“The percentage of Africans living in extreme poverty has declined by 10 points since 1999, but the absolute number of poor has increased with population growth. Almost half of Sub-Saharan Africa’s people – 413 million – live below the US$1.25 threshold for extreme poverty.”
To make a turnaround, it says,
“For Africa, the policy objective should be on growth with redistribution; in other words, making sure the poor receive a higher share of any increment to growth than their current share. This challenge turns the spotlight squarely on the composition of growth and the imperative to increase agricultural productivity.”
Other policy recommendations include:
- Africa to accelerate a uniquely African green revolution;
- Stop the plunder of natural resources;
- Invest in infrastructure and develop more inclusive financial systems to achieve a breakthrough in improving people’s lives by closing the twin deficit in infrastructure and inclusive finance and;
- Mobilize resources for inclusive growth;
On the other hand, the International Monetary Fund (IMF) Regional Economic Outlook for Sub-Sahara Africa- Fostering Durable and Inclusive Growth report released in April 2014 notes that Sound economic policies, stronger institutions, and higher levels of public and private investment have ensured a sustained economic growth in most African countries. As a result led to higher standards of living, poverty reduction and improved social indicators.
However, “Poverty remains pervasive and living standards need to improve further.”
And to make growth more inclusive, IMF says the overarching policy challenge is to create conditions for taking advantage of a possible demographic dividend.
It proposes two policy areas that need to be focused on.
First, expanding job opportunities is essential for both further raising per capita GDP growth and reducing poverty. We show that household enterprises are the most likely source of jobs for the majority of the population in sub-Saharan Africa, at least over the short and medium term.
Policies should focus on removing obstacles to investment in the service and agricultural sectors—where the bulk of household enterprises perform their activities. The resulting productivity gains would favor the structural transformation process that would shift labor out of agriculture.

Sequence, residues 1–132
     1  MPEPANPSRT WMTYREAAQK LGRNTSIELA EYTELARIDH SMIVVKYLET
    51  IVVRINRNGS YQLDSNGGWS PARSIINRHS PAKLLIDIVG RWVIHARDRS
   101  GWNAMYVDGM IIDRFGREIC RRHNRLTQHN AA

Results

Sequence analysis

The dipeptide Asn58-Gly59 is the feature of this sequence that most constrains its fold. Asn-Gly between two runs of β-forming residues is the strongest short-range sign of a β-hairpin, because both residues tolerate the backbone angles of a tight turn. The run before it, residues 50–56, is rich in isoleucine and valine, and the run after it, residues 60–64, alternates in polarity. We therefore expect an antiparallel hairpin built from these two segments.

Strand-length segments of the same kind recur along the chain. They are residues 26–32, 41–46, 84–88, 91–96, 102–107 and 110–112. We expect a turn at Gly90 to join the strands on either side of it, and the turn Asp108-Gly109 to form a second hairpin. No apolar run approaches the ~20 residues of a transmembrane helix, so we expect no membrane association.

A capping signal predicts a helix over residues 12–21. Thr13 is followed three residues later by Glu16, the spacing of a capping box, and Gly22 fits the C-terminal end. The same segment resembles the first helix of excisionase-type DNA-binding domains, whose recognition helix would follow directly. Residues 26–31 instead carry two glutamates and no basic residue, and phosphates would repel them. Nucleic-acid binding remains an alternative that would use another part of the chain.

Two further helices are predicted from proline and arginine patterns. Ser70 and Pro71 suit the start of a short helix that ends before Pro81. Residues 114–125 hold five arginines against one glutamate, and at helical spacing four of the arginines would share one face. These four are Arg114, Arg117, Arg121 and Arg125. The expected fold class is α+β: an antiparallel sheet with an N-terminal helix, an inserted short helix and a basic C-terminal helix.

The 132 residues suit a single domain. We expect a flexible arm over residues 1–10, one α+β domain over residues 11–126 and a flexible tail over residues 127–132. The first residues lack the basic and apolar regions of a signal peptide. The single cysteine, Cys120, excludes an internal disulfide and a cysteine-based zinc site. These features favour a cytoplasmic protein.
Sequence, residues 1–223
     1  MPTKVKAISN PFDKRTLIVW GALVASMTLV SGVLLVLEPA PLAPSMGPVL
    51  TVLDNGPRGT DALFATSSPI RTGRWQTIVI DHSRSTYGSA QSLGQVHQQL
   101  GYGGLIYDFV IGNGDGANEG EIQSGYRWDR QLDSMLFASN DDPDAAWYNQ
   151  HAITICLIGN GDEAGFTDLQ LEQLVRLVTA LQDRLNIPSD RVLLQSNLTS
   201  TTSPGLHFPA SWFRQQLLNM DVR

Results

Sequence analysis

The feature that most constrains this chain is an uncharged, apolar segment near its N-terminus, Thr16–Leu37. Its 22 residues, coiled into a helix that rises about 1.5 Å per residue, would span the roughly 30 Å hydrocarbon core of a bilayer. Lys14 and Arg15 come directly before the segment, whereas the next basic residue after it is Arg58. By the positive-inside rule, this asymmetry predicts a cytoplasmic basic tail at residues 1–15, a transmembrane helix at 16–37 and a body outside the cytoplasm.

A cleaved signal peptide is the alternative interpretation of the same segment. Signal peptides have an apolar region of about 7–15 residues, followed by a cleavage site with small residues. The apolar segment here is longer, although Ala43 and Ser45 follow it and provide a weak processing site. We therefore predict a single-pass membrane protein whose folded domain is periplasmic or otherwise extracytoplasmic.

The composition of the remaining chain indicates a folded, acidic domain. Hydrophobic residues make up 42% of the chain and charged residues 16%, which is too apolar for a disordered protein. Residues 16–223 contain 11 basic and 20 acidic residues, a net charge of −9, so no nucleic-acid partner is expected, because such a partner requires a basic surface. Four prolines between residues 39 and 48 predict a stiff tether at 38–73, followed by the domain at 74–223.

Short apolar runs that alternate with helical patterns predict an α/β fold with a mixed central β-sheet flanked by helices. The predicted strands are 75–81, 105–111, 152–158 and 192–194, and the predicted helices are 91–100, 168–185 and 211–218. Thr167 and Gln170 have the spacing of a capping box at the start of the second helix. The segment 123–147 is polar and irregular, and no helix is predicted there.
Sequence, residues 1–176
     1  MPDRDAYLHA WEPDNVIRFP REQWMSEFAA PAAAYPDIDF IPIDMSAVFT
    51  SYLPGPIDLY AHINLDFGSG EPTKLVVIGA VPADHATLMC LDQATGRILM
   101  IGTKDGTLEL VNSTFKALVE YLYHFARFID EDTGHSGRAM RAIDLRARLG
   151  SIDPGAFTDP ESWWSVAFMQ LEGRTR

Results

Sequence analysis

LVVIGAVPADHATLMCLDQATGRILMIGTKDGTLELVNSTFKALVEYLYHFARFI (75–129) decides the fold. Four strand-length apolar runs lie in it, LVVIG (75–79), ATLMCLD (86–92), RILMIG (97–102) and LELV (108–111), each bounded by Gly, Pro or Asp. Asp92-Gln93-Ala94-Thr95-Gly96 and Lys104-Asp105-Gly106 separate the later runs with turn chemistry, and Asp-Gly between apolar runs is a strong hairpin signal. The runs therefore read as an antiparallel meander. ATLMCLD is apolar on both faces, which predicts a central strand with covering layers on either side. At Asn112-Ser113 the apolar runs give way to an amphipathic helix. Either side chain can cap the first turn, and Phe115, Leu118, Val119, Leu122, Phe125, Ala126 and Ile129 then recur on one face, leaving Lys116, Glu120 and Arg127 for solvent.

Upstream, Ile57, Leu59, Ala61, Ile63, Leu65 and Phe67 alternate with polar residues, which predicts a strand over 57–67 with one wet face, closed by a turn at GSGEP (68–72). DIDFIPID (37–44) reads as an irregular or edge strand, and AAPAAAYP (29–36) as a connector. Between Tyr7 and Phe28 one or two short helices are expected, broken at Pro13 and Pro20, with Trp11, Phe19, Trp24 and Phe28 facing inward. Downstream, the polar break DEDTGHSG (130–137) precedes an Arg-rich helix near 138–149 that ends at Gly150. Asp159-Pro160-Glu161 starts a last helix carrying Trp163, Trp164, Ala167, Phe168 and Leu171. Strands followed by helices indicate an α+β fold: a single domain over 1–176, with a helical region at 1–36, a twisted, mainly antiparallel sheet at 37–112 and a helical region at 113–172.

Second, financial inclusion can play a key role in improving welfare for the poor, and in removing financing obstacles to entrepreneurial activity. Here, the policy emphasis should be on creating an enabling environment to reduce transaction costs by exploiting new technologies, such as mobile and agent banking.
Fostering inclusive growth requires policies that favor both raising income and lowering Poverty.
- Maintaining a stable macroeconomic environment, especially low and stable inflation;
- Upgrading infrastructure;
- Diversifying the structure of the economy through reforms that increase competitiveness and gradually reduce the share of agriculture in GDP; and
- Fostering sound financial systems that safely deliver financial depth and inclusion.
In comparison with the Africa Progress Report, IMF emphasizes on the need to invest more in human and physical capital, both private and public in order to raise agricultural productivity and encouraging economic diversification.
This can be achieved by governments providing the following:
A business environment that does not overburden them with taxation or regulation. At the moment, household enterprises often pay taxes at a higher rate than large businesses, but receive little in return.
Supplementary services such as security, sanitation, electricity, transport, and water supply, among others, that could be thought of as the business infrastructure of the economy.
Technical training on job-relevant skills, including business and financial literacy skills to help improve human capital.
Raising productivity in the agricultural sector through appropriate land reform accompanied by improvements in physical infrastructure and increased crop yields. This could assist the structural transformation process and generate widespread economic gains.
Policies for financial inclusion that permit their access to financial services (including credit, banking services, and insurance products).